Chinese teachers, program receive positive eval
WILLMAR -- The warm welcome Willmar extended to a visiting Chinese teacher has been noticed by the Teachers of Critical Languages Program. "This is a great placement," Eliza Doton said Friday. "The community support just overwhelms us." Doton is ...
WILLMAR -- The warm welcome Willmar extended to a visiting Chinese teacher has been noticed by the Teachers of Critical Languages Program.
"This is a great placement," Eliza Doton said Friday. "The community support just overwhelms us."
Doton is a program officer with the American Councils for International Education in Washington, D.C. The organization oversees the Teachers of Critical Languages Program, part of the U.S. State Department's Bureau of Educational and Cultural Affairs.
Doton visited Willmar Senior High Thursday and Friday to observe Chinese teacher Bai Jinguo and his Willmar mentor teacher Todd Lynum. She also taped a short segment for the district's "Cardinal Clips" cable television program.
Doton said she enjoyed watching Bai and Lynum in their classrooms. "They have just a great dynamic," she said.
Bai is an experienced teacher from China, teaching English at an elite high school in Harbin, China. Here, he teaches Chinese language classes. Sometimes, he and Lynum teach together, and sometimes they will each work with half a class at a time.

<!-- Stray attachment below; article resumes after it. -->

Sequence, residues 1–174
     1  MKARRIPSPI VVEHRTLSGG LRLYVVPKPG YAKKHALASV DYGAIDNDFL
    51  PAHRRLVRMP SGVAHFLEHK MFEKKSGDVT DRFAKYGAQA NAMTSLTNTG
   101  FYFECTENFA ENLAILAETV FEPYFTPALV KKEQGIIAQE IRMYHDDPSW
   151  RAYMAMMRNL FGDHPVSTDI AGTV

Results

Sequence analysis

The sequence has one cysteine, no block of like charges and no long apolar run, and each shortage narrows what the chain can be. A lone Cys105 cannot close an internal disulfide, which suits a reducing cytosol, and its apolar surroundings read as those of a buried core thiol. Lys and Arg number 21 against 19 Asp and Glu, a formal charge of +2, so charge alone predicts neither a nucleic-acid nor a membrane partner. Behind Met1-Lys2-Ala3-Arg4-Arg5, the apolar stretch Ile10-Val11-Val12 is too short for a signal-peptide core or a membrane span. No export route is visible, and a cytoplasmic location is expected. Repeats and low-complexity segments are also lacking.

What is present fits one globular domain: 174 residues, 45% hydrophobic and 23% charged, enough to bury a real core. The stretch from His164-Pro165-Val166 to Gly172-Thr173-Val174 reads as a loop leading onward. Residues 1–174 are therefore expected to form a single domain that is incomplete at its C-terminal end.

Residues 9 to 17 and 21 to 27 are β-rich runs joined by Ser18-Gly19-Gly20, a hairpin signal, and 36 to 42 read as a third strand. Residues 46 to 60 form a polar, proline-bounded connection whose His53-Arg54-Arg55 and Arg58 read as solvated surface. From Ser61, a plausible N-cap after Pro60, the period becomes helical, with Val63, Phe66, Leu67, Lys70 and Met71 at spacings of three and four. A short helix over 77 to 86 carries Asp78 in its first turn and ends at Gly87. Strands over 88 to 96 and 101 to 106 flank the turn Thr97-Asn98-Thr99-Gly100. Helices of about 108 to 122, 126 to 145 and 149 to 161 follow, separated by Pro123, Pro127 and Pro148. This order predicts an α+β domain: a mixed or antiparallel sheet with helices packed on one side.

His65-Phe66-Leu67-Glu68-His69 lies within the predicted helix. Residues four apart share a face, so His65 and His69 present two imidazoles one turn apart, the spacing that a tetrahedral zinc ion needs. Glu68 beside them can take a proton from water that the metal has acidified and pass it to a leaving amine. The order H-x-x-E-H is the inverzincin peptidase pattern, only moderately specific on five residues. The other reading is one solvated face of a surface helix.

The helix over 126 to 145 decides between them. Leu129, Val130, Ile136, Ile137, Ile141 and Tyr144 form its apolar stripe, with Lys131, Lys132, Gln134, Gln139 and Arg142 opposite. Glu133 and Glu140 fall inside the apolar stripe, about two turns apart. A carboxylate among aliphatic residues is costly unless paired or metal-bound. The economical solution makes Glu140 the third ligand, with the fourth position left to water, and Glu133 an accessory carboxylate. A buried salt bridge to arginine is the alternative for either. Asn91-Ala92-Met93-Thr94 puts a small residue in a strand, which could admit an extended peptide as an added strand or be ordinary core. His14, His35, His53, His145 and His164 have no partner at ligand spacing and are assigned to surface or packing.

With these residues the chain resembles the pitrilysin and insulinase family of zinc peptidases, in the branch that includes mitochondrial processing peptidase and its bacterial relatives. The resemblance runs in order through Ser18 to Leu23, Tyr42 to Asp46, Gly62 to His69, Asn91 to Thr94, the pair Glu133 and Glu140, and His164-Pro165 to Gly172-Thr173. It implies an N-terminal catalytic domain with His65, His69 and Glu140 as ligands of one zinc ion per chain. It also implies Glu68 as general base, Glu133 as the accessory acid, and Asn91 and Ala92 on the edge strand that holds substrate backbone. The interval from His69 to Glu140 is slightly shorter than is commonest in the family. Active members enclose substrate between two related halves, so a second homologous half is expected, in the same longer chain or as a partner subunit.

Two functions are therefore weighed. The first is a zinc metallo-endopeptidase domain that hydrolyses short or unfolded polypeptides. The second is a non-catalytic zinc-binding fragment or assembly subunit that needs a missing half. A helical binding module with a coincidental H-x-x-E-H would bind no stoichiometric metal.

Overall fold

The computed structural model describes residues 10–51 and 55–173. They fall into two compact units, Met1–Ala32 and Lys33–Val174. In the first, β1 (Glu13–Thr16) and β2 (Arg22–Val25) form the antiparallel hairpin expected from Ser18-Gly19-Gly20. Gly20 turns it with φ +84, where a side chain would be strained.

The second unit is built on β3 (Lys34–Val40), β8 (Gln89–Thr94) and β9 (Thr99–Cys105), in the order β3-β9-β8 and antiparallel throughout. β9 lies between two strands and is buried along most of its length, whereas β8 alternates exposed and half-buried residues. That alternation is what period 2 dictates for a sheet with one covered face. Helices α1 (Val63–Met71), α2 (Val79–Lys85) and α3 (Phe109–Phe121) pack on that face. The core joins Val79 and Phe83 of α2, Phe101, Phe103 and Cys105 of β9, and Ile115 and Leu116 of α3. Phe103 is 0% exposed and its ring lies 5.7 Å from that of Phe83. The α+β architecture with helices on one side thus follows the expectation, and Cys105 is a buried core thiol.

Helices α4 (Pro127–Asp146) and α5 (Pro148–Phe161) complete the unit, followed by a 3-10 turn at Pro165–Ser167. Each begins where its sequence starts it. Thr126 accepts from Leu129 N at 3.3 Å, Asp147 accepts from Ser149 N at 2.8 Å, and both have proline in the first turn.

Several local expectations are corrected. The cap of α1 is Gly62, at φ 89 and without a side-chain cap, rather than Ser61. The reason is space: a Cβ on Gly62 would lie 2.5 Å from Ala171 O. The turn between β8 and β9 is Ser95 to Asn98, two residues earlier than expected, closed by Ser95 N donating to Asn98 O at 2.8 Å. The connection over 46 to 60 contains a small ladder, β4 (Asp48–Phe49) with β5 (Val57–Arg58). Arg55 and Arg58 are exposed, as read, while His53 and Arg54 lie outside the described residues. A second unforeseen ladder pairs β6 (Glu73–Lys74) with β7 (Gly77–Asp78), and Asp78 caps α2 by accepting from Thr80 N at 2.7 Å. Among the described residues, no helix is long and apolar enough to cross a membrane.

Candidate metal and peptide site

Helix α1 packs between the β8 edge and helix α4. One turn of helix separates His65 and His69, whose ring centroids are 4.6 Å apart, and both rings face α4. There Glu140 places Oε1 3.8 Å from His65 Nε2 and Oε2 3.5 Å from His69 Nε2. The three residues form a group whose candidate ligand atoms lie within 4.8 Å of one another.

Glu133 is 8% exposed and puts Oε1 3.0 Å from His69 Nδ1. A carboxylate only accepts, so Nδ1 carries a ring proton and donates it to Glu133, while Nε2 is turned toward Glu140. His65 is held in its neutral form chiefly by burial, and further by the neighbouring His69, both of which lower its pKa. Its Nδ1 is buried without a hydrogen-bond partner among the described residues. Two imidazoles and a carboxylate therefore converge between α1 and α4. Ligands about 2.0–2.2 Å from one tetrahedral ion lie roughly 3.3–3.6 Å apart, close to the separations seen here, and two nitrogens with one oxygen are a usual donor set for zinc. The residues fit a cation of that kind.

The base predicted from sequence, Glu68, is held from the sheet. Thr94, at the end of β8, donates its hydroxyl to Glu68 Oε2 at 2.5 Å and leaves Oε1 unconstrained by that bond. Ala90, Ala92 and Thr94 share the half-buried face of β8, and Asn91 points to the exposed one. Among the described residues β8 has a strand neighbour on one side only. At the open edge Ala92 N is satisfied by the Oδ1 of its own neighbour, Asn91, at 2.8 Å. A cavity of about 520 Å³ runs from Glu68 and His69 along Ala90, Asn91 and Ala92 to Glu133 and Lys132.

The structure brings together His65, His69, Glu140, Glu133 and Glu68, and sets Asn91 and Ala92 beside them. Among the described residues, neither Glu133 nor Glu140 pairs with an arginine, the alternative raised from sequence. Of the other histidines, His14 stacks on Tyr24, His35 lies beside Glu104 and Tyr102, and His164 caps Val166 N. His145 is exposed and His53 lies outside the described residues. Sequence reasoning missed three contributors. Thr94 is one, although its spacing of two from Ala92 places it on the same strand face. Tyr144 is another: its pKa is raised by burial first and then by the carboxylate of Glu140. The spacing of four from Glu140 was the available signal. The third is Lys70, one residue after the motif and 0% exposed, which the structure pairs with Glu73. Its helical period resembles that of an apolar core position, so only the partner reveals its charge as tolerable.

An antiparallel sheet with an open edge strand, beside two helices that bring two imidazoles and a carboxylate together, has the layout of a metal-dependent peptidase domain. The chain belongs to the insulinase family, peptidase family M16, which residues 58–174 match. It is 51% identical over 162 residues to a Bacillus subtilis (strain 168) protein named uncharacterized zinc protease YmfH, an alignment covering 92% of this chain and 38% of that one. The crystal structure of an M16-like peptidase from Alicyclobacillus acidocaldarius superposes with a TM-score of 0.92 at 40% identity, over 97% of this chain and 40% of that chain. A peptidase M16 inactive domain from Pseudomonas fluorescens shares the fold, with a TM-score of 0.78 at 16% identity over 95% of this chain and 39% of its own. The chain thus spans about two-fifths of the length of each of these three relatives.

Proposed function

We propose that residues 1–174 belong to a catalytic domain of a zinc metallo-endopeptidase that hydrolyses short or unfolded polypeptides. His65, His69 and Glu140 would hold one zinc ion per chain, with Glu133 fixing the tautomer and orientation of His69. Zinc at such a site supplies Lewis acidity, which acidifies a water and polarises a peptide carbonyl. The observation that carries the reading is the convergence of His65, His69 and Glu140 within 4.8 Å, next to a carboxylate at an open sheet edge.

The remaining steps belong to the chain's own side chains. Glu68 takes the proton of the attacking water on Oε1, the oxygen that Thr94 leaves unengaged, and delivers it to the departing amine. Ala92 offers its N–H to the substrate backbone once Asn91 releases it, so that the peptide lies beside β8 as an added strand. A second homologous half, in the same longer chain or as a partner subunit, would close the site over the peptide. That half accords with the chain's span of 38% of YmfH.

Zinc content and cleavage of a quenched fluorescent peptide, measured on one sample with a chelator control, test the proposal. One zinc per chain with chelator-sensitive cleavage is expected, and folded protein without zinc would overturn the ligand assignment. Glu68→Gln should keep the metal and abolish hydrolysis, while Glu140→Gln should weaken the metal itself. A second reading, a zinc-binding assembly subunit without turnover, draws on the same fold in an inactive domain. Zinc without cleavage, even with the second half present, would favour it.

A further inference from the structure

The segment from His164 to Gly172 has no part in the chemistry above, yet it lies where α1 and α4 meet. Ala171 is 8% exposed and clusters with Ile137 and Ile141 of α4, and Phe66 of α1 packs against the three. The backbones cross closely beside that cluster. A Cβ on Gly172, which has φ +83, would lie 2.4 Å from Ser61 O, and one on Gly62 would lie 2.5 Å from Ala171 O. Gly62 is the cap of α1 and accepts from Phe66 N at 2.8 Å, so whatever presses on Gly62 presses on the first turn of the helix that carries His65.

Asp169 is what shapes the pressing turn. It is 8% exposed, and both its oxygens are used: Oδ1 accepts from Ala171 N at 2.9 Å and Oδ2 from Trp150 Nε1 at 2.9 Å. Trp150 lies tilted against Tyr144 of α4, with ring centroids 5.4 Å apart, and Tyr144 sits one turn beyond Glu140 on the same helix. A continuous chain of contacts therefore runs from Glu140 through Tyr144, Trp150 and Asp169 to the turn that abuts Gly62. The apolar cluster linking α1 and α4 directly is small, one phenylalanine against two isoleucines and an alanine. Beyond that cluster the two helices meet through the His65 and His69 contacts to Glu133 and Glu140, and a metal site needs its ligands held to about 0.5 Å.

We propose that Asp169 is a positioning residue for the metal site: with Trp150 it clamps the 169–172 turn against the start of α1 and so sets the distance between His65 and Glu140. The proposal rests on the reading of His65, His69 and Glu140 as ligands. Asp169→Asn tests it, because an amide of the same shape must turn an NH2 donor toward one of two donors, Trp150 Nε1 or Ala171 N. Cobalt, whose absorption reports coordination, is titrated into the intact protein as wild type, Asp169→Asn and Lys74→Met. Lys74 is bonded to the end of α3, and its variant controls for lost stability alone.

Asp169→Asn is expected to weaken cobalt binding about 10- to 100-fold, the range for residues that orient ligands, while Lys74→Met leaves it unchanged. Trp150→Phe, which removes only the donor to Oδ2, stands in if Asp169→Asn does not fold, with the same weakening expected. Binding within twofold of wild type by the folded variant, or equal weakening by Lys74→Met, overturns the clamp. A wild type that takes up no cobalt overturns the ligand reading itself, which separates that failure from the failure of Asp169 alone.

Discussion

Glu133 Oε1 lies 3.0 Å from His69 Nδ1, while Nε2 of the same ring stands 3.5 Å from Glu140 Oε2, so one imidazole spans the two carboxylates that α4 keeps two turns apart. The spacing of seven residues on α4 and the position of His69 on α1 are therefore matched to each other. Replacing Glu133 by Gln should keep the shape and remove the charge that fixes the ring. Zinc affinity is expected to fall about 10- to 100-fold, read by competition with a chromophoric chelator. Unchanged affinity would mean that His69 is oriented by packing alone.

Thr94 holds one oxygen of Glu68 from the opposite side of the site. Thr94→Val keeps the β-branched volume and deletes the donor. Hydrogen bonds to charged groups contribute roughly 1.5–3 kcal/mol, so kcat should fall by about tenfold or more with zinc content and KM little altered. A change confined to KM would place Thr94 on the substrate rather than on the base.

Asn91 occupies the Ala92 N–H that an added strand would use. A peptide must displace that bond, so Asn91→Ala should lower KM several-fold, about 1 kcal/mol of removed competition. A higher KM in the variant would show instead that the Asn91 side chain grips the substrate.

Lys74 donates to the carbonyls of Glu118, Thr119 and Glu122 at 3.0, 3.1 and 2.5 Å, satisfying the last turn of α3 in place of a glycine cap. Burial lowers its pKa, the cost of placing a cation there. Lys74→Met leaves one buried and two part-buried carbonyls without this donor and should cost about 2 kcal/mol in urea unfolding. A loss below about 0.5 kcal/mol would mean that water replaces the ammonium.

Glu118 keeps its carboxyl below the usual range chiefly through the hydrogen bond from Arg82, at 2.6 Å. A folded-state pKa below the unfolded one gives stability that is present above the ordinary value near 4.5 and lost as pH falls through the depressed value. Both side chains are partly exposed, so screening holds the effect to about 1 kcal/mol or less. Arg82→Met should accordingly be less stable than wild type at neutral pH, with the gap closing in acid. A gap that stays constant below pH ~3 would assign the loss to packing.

Bai came to Willmar last summer and will be here through June. In addition to teaching with Lynum and in his own classroom, he has made friends in the community, earned a Minnesota driver's license and tasted lutefisk.
Senior High Principal Rob Anderson said students have adjusted their schedules to take additional Chinese classes while Bai is here. "That's a real tribute" to the popular program, he added.
"The enrollment speaks for itself, 184 Chinese students in a small town Minnesota," Doton said.
Doton said the program chooses teachers who are fluent in English and are creative and open-minded to learning about the American education system.
"Bai Jinguo really understands this," she said. He has learned how to relate to American high school students, and he'll have new ideas he can use when he returns to China.
He'll also be able to tell people about Willmar and the experience of living in a small community, she said.
When people in other countries think of America, they often think of New York or Los Angeles, Doton said, but Bai will have a different perspective to share.
The Teachers of Critical Languages Program will continue to be involved with the Willmar Chinese program, Doton said.
"The goal of the program is to be a support system," to help schools grow their programs, she said.
"Just because Bai Jinguo has to leave in June, it doesn't mean our relationship is over," she said. The program offers grants and other support for schools, in addition to placing teachers.
Doton's advice: "Keep doing what you're doing; keep Chinese exciting."